Iraq would be able to reconstitute its biological and chemical weapons capability and deliver a weapon of mass destruction within six months of the end of U.N. inspections, former inspector Scott Ritter says.

"We know in fact that Iraq has a plan to have a breakout scenario for reconstitution of long-range ballistic missiles within six months of the `go' signal" from Iraqi President Saddam Hussein, Ritter told a joint hearing of the Senate Foreign Relations and Armed Services com-mit-tees Thursday.It was Ritter's first appearance on Capitol Hill since his resignation last week from the U.N. Special Commission, which got the job of eliminating missiles and chemical and biological weapons in Iraq following the Persian Gulf War.

To Republicans, Ritter is a "true American hero" and his message was that Secretary of State Madeleine Albright and other senior officials of the Clinton administration have been duplicitous in dealing with Iraq.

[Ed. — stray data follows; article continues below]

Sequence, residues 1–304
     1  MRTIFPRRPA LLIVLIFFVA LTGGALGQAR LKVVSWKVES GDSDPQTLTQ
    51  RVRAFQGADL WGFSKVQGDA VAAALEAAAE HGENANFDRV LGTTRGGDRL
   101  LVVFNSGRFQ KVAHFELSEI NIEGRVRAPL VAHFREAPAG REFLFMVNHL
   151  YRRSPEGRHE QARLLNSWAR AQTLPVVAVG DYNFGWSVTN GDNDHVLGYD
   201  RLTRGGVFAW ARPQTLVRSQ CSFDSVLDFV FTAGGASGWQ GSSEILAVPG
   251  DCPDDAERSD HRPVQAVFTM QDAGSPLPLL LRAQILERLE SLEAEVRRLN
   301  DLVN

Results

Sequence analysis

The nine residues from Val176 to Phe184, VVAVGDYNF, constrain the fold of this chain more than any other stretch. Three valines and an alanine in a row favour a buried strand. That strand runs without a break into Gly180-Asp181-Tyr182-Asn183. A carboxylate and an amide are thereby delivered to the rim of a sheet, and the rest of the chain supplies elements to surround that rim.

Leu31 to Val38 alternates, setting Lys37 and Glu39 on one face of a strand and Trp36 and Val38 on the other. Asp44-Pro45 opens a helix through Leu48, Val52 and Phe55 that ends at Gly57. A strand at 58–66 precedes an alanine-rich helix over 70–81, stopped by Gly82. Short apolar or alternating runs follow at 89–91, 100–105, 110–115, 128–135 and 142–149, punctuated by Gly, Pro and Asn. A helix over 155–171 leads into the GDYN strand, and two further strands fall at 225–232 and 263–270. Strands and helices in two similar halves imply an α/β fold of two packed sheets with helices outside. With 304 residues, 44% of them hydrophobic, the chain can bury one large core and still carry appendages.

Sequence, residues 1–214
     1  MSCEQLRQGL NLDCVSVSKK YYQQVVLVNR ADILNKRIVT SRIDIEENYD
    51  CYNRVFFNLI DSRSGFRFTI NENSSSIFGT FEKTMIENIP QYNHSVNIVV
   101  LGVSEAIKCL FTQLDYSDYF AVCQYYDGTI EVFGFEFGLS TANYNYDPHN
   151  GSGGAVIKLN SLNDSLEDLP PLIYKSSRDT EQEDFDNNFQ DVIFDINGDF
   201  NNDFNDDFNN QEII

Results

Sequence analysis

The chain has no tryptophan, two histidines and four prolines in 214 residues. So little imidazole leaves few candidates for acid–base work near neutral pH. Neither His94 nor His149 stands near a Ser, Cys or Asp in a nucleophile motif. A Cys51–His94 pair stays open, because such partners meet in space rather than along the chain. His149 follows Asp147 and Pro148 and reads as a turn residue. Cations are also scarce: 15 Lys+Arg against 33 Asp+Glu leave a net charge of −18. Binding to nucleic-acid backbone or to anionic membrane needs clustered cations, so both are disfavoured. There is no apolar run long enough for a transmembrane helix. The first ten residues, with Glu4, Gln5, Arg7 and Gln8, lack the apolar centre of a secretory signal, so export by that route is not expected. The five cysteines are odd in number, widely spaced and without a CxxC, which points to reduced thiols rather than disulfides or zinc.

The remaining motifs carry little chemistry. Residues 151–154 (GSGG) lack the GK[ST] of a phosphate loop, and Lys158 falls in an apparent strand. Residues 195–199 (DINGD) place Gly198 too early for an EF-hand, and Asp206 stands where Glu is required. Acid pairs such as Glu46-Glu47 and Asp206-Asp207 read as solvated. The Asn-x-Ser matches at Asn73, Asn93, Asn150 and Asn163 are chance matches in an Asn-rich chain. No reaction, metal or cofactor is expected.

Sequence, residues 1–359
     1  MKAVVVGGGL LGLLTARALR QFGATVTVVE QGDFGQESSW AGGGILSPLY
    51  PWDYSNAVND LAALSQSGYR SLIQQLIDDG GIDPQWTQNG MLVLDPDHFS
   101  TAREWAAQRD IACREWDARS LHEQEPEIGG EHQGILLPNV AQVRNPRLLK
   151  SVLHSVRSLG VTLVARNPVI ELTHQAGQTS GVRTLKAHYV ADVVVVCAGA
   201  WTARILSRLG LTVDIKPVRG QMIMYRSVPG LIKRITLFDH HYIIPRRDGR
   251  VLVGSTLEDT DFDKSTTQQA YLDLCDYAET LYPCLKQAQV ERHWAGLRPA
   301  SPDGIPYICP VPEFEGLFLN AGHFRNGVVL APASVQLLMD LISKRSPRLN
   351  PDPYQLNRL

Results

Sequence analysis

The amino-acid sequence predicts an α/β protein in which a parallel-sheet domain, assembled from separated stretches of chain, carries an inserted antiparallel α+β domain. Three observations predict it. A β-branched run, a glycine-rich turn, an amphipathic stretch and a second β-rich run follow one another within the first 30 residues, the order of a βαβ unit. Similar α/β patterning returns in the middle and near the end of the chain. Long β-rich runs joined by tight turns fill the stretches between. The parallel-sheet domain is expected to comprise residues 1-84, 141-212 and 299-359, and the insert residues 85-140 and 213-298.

But to Democrats, Ritter was talking way above his pay grade. They tried to block the hearing by using a little-used Senate rule that hearings may not be held after two hours into the Senate session if there are objections. The hearing was set for 2 p.m., and the Senate had started business at 9:30 a.m.

Majority Leader Trent Lott, R-Miss., answered Democrats by recessing the Senate during most of the hearing so it could be held without violating Senate rules.

Ritter told the committee he quit his job because the United States and Britain systematically had undermined efforts by U.N. inspectors to get to the bottom of Iraq's arsenal of mass weapons, which Iraq is barred from having.

He has said this lack of resolve would enable Iraq to keep these weapons and could lead Saddam to expel the inspectors.